Editorial: Viento sur editorial
Synopsis: Fear’s Skin
“An excellent novel.” El país
“A beautiful and well plotted novel” El Cultural, El Mundo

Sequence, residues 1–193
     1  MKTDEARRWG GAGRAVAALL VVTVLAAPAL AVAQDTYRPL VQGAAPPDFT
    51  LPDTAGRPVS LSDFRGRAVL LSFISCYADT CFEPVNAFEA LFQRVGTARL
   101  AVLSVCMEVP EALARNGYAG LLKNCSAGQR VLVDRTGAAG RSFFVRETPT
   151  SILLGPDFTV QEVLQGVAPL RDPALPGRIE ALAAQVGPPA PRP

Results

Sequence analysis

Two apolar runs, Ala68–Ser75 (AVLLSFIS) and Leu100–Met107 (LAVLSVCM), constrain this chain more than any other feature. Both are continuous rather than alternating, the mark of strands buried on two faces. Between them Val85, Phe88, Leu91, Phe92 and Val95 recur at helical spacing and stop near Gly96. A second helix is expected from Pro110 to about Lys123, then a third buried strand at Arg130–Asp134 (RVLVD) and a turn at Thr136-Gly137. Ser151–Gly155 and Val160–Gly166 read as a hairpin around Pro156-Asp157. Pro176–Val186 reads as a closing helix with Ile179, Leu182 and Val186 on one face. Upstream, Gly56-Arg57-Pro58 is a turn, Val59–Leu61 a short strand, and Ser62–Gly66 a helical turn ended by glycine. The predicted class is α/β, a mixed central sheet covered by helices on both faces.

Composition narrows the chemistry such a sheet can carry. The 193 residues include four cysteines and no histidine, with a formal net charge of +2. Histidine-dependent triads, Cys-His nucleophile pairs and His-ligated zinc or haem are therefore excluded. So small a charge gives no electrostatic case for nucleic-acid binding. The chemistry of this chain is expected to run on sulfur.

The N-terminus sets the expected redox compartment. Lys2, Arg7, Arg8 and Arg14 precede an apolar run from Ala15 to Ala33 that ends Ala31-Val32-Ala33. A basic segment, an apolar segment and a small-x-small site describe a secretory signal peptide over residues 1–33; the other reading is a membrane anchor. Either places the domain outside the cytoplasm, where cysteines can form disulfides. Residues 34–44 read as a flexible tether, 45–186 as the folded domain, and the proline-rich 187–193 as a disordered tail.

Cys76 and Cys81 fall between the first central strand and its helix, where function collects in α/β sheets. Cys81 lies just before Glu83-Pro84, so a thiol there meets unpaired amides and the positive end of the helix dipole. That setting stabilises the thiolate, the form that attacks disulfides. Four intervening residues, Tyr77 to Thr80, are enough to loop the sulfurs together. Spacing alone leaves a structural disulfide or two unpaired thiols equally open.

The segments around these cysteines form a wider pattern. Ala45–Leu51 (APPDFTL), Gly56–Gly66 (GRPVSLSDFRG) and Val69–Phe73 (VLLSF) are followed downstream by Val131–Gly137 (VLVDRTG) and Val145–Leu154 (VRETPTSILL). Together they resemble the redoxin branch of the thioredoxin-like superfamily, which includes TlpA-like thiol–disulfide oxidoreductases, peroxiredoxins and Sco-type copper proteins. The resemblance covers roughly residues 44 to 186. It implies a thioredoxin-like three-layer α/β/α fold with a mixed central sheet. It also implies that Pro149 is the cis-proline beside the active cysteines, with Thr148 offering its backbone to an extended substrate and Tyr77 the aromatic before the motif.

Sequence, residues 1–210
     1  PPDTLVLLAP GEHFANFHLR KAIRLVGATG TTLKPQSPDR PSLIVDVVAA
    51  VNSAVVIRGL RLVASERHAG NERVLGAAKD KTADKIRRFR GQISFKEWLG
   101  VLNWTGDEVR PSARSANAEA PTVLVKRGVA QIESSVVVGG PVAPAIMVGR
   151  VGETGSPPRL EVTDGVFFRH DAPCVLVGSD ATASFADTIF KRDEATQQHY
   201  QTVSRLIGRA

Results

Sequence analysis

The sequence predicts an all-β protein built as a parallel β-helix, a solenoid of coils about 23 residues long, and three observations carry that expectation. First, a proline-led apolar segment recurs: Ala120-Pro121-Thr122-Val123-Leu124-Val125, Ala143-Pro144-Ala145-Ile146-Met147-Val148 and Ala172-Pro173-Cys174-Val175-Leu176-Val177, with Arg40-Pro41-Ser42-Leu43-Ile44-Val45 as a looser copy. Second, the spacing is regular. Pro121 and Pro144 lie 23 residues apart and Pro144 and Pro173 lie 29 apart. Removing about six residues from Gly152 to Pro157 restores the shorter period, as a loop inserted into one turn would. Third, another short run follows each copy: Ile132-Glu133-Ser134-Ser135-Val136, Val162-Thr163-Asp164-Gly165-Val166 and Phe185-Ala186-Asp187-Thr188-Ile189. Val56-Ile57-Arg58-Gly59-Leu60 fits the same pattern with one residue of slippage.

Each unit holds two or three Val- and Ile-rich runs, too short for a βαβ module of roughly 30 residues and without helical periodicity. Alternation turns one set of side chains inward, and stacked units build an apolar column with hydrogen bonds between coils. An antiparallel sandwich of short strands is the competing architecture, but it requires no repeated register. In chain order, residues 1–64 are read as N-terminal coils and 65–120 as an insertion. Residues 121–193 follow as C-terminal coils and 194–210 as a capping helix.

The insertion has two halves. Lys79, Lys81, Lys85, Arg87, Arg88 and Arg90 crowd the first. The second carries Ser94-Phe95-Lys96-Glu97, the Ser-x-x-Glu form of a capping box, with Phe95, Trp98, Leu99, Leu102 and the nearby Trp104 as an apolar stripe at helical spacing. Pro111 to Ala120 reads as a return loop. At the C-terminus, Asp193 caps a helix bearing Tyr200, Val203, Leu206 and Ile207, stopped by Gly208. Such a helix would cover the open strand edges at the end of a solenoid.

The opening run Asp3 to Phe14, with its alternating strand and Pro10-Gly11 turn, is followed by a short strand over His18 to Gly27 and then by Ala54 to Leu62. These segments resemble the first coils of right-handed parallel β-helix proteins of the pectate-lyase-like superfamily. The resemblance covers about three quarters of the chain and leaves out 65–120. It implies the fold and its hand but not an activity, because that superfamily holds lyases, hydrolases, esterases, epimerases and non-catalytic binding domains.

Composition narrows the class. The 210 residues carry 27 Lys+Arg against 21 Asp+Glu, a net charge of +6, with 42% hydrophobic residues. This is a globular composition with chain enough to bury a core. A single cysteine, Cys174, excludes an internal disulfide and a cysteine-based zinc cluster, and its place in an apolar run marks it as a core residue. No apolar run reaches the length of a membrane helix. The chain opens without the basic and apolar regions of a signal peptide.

The story starts with a couple shots a drunken father, crazed by hate, fires in the middle of the night. The narrator (“a man dispossessed of attributes, who incessantly rummages his consciousness, that dark zone where his writing aires itself”) suffers his first epileptic attack. What follows is an educational journey, in which the transition from childhood to adolescence, from adolescence to youth, and from youth to the budding of maturity take place, with the successive revelations of loneliness, friendship, sex, and love. Throughout this journey, a cast of memorable characters (Papi George, Dr. Kronz, the singer Fabiola Duarte; Ramón Ochoa, the tattoo artist) file by, each trapped in their own dream, which will turn out to be their ruin. In the end, learning what was at the origin of it all: fear, an observatory from which the narrator contemplates his own life. Fear, turned into some sort of passion, which reveals itself as the substance of all experience and the very subject of that disease that the protagonist suffers and which threatens to strip him of the thing in which his salvation lies: the words that name and which, on doing so, comprehend. All the elements that characterize Javier Vásconez appear in a state of grace in this suggestive novel, written with the penetrating fluency of a parsimonious and absorbing prose. A novel which is marked by its very own autobiographical imprint, given the very peculiar manner in which, far from resolving it, progresses in the direction of the enigma of its meaning, which remains in suspense.